At the final harvest, the number of ramets and leaves were recorded, and total stolon length of A. philoxeroides was measured for the apical sections of all treatments. Then the plants of A. philoxeroides in the apical part of the container were harvested and separated into leaves, stolons and roots, and their biomass was determined after drying at 70°C for 72 h. Neighboring vegetation of J. repens (entire plants including roots) in the apical sections of each container were also harvested and their dry mass was also determined in the same way.

Data Analysis

Data were expressed as means ± SE. Growth measures (total biomass, ramet number, leaf number, and stolon length) of A. philoxeroides in the apical part were calculated at both individual level and population (container) level. Prior to analysis, data were log-transformed if necessary to meet the assumptions of normality and homoscedasticity.

The intraspecific relative competition intensity (RCI) of A. philoxeroides was calculated as intraspecific RCI = (Glow –Ghigh)/Glow, where Glow is the mean growth measure of A. philoxeroides in low propagule pressure and Ghigh is that measure in high propagule pressure (Weigelt and Jolliffe, 2003). The index was calculated for each container and averaged for comparison between the two habitat conditions (open and vegetative) with the stolon connections either severed or intact. The interspecific RCI was calculated as interspecific RCI = (Gopen –Gvegetative)/Gopen, where Gopen is the mean growth measure of A. philoxeroides in open habitats and Gvegetative is that measure in vegetative habitats (Weigelt and Jolliffe, 2003). The index was also calculated for each container and averaged for comparison between the low and high propagule pressure with the stolon connections either severed or intact. A positive value of RCI suggests competition and a negative one indicates facilitation (Armas et al., 2004; Liu et al., 2014). The RCI of J. repens was not considered because a significant competition effect was not observed (see Results).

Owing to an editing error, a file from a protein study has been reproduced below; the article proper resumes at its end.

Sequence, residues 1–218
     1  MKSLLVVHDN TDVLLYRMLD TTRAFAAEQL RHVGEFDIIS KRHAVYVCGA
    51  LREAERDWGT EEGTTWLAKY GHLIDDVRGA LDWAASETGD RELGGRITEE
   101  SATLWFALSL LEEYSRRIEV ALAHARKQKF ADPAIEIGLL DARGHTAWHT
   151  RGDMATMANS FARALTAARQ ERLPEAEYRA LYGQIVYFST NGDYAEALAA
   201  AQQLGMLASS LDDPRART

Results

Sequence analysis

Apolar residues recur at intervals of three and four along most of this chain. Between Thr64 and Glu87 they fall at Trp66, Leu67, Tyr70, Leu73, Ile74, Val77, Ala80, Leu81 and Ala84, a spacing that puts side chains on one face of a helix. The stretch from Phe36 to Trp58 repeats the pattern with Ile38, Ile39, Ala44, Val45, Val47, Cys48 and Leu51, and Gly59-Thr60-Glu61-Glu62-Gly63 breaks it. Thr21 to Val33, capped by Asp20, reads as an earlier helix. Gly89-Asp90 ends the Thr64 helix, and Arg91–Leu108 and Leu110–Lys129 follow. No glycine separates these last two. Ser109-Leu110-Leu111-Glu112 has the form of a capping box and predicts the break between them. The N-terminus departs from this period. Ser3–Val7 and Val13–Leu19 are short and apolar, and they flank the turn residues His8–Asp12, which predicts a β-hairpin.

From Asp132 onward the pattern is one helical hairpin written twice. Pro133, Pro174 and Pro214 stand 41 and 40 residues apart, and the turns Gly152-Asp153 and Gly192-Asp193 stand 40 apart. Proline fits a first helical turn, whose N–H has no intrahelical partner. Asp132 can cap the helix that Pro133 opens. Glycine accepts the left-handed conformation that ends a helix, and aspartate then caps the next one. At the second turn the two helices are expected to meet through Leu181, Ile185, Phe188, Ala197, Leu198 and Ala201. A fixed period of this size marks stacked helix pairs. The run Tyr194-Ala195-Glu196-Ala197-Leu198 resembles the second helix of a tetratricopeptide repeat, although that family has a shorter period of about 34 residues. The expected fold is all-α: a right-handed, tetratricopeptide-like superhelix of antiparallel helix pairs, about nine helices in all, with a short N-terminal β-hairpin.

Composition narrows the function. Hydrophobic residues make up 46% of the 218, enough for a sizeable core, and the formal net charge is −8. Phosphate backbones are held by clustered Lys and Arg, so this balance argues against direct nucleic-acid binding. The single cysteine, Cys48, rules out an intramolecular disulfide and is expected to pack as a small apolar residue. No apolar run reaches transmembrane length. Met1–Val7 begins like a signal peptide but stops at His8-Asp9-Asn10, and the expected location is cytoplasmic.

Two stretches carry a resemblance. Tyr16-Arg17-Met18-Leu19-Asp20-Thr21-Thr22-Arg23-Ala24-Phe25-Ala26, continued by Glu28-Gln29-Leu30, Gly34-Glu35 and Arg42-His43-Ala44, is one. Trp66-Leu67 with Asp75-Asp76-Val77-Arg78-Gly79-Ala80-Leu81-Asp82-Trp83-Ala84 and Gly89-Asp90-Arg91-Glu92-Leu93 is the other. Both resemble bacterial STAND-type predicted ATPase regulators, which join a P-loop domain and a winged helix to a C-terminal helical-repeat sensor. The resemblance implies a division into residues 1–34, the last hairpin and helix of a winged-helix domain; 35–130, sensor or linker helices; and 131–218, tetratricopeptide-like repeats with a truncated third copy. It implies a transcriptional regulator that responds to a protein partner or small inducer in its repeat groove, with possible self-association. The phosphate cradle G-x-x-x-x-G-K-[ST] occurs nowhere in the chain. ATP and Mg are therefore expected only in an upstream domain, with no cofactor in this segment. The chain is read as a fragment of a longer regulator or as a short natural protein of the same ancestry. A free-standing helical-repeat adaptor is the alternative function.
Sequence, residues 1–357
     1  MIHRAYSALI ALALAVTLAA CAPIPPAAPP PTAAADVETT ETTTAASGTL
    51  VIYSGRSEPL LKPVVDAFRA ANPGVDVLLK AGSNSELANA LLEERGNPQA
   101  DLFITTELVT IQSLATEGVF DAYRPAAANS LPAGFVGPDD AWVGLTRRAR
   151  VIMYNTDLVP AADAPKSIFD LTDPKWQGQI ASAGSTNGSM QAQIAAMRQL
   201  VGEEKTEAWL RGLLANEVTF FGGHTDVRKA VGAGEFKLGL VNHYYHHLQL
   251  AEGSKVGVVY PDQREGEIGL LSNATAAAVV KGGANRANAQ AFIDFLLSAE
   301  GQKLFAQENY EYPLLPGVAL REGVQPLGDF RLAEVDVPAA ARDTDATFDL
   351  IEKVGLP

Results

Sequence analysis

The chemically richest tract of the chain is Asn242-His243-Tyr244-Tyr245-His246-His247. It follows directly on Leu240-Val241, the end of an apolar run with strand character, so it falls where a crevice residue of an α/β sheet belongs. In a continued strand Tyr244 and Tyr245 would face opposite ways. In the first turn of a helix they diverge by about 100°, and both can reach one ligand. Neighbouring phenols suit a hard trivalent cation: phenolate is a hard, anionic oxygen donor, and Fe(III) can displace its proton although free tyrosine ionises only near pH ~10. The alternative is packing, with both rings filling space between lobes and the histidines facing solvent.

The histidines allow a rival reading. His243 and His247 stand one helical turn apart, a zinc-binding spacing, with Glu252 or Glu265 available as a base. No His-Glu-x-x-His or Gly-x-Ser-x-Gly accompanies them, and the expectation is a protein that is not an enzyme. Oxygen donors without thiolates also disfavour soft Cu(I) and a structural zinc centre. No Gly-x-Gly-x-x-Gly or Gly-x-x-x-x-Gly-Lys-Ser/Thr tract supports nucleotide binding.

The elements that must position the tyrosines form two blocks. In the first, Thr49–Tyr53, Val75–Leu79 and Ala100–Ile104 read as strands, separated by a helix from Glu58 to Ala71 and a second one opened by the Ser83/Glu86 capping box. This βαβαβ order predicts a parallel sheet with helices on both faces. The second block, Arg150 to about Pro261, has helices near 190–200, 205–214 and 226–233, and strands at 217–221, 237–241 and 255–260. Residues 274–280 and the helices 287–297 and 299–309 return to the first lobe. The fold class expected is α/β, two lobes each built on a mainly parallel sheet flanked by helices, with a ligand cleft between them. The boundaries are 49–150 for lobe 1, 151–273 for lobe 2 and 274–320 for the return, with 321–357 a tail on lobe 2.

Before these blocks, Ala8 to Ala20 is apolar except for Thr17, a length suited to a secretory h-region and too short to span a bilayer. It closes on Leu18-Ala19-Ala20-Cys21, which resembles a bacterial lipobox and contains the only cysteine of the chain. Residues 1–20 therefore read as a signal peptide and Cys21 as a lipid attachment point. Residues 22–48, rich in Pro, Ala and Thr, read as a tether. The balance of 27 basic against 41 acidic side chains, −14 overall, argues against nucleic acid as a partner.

Three-way ANOVA was used to assess the effects of propagule pressure, habitat conditions and clonal integration on the growth measures of A. philoxeroides in the apical section at individual level and container level. Two-way ANOVA was employed to investigate the effects of habitat conditions and clonal integration on intraspecific RCI of A. philoxeroides, and the effects of propagule pressure and clonal integration on interspecific RCI of A. philoxeroides. One-way ANOVA was used to test whether total biomass of vegetation (J. repens) in the apical section differed between the four competition treatments and the control. Post hoc pair-wise comparisons of the means were performed to examine differences between the treatments using Studentized Tukey’s HSD for multiple comparisons. Statistical significance was assigned at P < 0.05. All data analyses were performed using SPSS 17.0 (SPSS, Chicago, IL, USA).

Results

Growth of A. philoxeroides